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Even though your child’s doctor checked his vision at his last checkup, you’re still wondering whether he might need glasses. It’s important to find out, says Glen T. Steele, O.D., spokesperson for the American Optometric Association (AOA) and a professor of pediatric optometry at the Southern College of Optometry in Memphis, Tennessee.
“Some kids are tagged as having learning difficulties, or even developmental delays, when all they need are a good pair of glasses,” Here’s what you need to know:
Get your child tested. Regular vision exams are the best way to know if your child needs glasses -- before problems surface. The American Academy of Pediatrics recommends that all children get vision screenings before 6 months, between 3 and 4 years, and after age 5. If she suspects a problem, she may refer you to an eye doctor for further testing. Once your child is school-aged, he may also receive a vision screening at school.
The AOA, however, recommends that these exams be done by an optometrist. “Pediatricians do vision screenings, not comprehensive exams,” says Dr. Steele, a spokesperson for the American Optometry Association on children’s vision issues. “Our position is that many eye conditions are missed in the screenings, which would be picked up by a comprehensive exam.” Talk to your doctor to find out what’s best for your child.
Know the signs. Parents can play an invaluable role in helping to spot a child’s need for glasses, says Dr. Steele.If your child squints, frequently loses his place while reading, turns his head to see, rubs his eyes, covers one eye to read, holds reading material very close, sits right up in front of the television or is struggling in school or with homework, there's a chance that he may need glasses. According to the AAP, your next step should be to talk to your child's doctor and see whether your child should see an eye doctor.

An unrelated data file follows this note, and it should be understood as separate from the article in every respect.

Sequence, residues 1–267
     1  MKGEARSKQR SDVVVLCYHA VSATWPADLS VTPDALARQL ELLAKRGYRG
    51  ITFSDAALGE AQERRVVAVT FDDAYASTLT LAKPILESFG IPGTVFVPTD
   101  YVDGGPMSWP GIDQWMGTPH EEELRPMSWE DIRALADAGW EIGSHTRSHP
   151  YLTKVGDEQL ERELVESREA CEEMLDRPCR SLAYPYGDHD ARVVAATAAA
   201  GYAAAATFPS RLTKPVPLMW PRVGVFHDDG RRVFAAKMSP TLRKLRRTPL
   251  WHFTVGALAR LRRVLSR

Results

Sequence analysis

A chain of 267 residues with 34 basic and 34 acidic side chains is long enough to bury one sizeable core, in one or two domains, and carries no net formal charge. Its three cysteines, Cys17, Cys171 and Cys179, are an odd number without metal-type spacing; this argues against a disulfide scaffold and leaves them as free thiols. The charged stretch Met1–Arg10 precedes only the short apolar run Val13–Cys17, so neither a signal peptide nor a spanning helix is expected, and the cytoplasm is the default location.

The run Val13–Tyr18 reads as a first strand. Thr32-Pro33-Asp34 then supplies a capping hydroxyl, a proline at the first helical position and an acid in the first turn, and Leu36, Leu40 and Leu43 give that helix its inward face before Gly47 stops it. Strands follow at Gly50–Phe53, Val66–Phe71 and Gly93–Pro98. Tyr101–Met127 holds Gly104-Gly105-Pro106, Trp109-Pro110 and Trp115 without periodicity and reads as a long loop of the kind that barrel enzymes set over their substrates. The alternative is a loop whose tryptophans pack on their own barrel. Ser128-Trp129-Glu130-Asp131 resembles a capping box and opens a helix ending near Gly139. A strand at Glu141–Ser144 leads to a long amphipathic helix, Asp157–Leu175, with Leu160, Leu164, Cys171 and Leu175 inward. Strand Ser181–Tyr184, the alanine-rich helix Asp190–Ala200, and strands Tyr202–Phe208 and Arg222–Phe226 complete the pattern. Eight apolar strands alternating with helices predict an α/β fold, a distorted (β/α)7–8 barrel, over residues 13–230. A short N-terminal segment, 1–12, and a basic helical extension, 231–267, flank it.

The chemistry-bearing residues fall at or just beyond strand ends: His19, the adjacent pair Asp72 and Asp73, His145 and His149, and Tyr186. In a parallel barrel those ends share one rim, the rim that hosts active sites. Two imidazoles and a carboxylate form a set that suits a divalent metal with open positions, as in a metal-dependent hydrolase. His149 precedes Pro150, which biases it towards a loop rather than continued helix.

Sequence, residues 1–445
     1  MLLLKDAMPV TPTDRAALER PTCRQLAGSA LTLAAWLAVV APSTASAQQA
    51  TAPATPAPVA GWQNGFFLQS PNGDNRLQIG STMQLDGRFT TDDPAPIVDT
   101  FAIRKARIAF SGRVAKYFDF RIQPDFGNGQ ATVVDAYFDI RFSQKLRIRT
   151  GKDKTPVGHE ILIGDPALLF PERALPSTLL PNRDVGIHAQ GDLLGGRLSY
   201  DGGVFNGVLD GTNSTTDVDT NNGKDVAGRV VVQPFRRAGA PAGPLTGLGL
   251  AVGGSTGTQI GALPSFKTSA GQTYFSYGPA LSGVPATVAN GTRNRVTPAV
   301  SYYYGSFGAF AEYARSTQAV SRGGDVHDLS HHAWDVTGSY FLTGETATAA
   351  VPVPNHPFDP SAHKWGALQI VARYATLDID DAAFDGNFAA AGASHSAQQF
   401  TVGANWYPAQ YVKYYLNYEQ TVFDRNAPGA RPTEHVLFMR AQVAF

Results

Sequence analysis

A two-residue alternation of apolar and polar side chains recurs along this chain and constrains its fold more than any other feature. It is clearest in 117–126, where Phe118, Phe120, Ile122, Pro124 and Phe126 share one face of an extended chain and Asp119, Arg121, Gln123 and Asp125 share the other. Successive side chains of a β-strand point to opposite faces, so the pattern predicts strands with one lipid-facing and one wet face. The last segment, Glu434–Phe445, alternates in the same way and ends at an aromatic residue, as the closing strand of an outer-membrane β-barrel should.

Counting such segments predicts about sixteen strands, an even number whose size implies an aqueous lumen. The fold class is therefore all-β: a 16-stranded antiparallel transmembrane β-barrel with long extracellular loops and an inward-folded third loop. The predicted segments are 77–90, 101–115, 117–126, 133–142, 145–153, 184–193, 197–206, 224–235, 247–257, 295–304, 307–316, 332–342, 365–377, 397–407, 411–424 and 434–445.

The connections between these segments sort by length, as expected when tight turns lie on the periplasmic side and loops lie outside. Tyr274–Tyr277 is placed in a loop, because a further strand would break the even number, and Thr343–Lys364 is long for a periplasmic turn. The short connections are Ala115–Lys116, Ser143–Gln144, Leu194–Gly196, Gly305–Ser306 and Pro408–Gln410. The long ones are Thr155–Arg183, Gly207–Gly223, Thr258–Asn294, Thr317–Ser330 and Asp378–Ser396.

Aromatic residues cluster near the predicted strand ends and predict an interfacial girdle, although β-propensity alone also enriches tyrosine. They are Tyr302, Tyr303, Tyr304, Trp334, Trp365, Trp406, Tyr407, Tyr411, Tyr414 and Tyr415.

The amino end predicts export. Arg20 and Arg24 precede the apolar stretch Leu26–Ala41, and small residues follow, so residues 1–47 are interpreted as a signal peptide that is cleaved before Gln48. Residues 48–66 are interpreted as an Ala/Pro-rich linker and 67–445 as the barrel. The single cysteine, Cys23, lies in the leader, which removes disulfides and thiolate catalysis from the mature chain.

Understand the likely problems. Nearsightedness – having difficulty seeing things far away – is the most common need for glasses, says Dr. Steele. A common tip-off: squinting. Ask your child if he can see what’s on the chalkboard at school, see friends or relatives clearly across a room, or read billboards on the highway. Squinting may also signal astigmatism—an imperfect shape of the cornea that causes blurred vision, and often occurs with nearsightedness.
And the less common ones. Farsightedness – which affects the ability to see things up close – is less common and easy to miss since kids may pass an eye test because they can read the chart. Watch for a child having trouble writing or reading up close. Another need for glasses is a big difference in visual acuity – for example a child with 20/20 vision in the right eye and 20/200 in the left. While an eye test can diagnose the problem, it can also be easy to miss if a child is able to see well enough out of one eye.
Follow up. If your child needs glasses, make sure to follow up and be sure that your child is actually wearing them.Fewer than half the kids who need glasses are wearing them, says Dr. Steele. If you’re worried about cost, check with your insurance company or doctor’s office. Comprehensive vision exams are essential preventive health care benefits under the Affordable Care Act, which means your insurance has to cover it, according to the National Commission on Vision and Health.